But these critics who are proud to be too sophisticated to enjoy a book where a bear talks or a dragon flies might be missing out. They needn't be afraid that they will lose their critical edge if they let down their guard against childish things for an instant. Do we still have to spell it out? It really is possible to like Rowling and Roth, to enjoy Pullman as well as Proust.
What is endearing about the new breed of children's writers is that they are firing a new bolt of energy into literature. Naïve? Yes, they may be naïve. But what they don't suffer from is the deadening claustrophobia of so much acclaimed literature for grown-ups. Readers who fell on hyped novels such as Jonathan Franzen's The Corrections or Margaret Atwood's The Blind Assassin, only to find them imaginatively underpowered, will know what I mean when I say that even the biggest novels today can seem much smaller than life.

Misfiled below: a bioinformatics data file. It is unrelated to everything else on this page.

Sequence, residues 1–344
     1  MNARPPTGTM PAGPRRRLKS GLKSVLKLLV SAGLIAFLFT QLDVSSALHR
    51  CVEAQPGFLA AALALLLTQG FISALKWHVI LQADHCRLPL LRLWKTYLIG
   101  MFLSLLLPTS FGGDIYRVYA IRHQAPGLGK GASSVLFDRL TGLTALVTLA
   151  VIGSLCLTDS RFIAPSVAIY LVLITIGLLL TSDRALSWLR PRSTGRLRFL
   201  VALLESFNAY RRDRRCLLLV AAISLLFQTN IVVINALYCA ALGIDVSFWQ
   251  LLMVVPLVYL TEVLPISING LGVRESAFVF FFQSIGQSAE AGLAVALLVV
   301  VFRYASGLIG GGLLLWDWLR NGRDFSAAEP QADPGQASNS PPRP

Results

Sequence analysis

Still, perhaps those novels honestly reflect the problematic aspects of our current condition, whereas the children's writers have the liberty of escapism. That may be true. But sometimes it is worth going on these journeys – not just to escape, but also to return. I'm sure I'm not alone in saying that after stepping into Rowling's world or into Pullman's world, both of which thrive on the staggeringly precise and sensual detailing of their fantasy universes, I found that the everyday world had juddered a little. Without doubt they do lack other qualities that you look for in literature that isn't meant for children. But still, Rowling and Pullman can achieve that precious effect on the reader of tearing away the veils of familiarity and reawakening one to the oddness and beauty of ordinary life.